Sheriff Deputy while he was chasing a suspect that he didn’t apprehend while endangering the lives of others who had absolutely nothing to do with the chase. Autrey Davis, left behind two very young children in which her three-year-old son was fighting for his life after the incident. The suspect didn’t hit and kill Ms. Autrey Davis, the Sheriff Deputy did.

In both of these No Bill cases, both officers are alive and well but the victims of the “Reckless”

disregard for human life law enforcement driving are deceased. Both the city and county should be held accountable for these, and many other deaths caused by their recklessness both past and present. If the officers didn’t kill them, then who did? If the officers are driving too fast, then their immunity shouldn’t be qualified just like qualified immunity shouldn’t be justified, leaving families and taxpayers too furious. Live and let live has to be the only option for everyone involved.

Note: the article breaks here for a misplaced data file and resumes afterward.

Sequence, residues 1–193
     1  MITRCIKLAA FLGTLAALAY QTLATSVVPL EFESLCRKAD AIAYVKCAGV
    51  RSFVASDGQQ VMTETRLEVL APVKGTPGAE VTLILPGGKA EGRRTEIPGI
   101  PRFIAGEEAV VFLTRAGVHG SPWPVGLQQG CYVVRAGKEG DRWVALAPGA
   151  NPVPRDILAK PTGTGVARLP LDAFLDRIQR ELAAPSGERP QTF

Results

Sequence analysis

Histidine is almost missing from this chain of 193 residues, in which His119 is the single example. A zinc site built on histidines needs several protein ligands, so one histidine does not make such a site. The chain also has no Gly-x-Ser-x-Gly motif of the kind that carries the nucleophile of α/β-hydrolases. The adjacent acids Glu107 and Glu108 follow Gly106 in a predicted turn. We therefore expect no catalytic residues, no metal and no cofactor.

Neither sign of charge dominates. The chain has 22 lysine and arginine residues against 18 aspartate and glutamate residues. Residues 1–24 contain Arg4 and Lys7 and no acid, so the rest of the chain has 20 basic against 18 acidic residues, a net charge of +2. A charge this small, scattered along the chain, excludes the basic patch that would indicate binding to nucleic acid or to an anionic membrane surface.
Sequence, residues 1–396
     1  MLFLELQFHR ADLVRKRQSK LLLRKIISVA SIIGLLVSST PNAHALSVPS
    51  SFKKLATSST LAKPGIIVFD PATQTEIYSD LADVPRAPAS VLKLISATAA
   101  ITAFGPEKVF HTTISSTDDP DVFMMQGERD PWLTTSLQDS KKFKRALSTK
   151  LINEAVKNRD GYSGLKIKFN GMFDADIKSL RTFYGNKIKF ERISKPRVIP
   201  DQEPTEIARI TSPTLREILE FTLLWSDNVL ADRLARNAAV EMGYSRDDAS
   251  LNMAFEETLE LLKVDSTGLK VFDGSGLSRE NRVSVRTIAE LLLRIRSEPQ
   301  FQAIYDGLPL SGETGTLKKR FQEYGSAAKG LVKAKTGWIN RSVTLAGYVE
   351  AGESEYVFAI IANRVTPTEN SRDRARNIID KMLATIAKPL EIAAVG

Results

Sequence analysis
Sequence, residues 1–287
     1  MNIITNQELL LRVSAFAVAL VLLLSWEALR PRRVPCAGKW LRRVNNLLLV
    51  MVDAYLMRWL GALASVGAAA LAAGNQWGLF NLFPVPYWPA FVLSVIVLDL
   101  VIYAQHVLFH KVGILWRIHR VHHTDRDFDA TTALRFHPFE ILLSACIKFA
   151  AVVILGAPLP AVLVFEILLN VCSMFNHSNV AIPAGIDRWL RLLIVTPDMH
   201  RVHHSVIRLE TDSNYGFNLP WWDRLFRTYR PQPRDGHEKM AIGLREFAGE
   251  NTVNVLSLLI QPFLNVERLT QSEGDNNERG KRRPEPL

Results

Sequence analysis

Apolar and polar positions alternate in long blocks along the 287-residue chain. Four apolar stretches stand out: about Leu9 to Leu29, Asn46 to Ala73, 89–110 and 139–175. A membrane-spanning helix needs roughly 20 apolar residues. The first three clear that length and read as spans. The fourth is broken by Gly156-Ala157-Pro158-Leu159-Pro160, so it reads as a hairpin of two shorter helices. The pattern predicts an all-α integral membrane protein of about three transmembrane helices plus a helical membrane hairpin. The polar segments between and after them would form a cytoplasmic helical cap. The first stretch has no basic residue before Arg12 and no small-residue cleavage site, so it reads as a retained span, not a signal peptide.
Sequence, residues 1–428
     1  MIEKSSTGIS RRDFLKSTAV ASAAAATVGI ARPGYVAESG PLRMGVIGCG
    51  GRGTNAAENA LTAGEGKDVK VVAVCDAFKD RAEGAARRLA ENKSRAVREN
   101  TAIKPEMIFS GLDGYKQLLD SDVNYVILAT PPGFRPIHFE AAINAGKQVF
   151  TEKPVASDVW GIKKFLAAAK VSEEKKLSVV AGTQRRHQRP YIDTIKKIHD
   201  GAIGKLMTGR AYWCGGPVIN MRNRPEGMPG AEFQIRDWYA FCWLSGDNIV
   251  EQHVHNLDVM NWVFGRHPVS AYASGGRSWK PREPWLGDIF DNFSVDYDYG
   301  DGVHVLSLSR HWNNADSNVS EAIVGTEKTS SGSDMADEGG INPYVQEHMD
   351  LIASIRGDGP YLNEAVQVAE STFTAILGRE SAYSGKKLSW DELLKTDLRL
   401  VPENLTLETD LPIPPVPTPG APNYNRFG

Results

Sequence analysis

October 16, 2023, HOUSTON, TX – Congressional Candidate Amanda Edwards has raised over $1 million in less than 4 months, a substantial sum that helps bolster the frontrunner status of the former At-Large Houston City Council Member in her bid for U.S. Congress. Edwards raised over $433,000 in Q3 of 2023. This strong Q3 report expands on a successful Q2 where Edwards announced just 11 days after declaring her candidacy that she had raised over $600,000. With over $829,000 in cash-on-hand at the end of the September 30th financial reporting period, Edwards proves again that she is the clear frontrunner in the race. “I am beyond grateful for the strong outpouring of support that will help me to win this race and serve the incredible people of the 18th Congressional District,” said Edwards. “We are at a critical juncture in our nation’s trajectory, and we need to send servant leaders to Congress who can deliver the results the community deserves. The strong support from our supporters will help us to cultivate an 18th Congressional District where everyone in it can thrive.” Edwards said. “Amanda understands the challenges that the hard-working folks of the 18th Congressional District face because she has never lost sight of who she is or where she comes from; she was born and raised right here in the 18th Congressional District of Houston,” said Kathryn McNiel, spokesperson for Edwards’ campaign. Edwards has been endorsed by Higher Heights PAC, Collective PAC, Krimson PAC, and the Brady PAC. She has also been supported by Beto O’Rourke, among many others. About Amanda: Amanda is a native Houstonian, attorney and former At-Large Houston City Council Member. Amanda is a graduate of Eisenhower High School in Aldine ISD. Edwards earned a B.A. from Emory University and a J.D. from Harvard Law School. Edwards practiced law at Vinson & Elkins LLP and Bracewell LLP before entering public service. Edwards is a life-long member of St. Monica Catholic Church in Acres Homes. For more information, please visit www.edwardsforhouston.com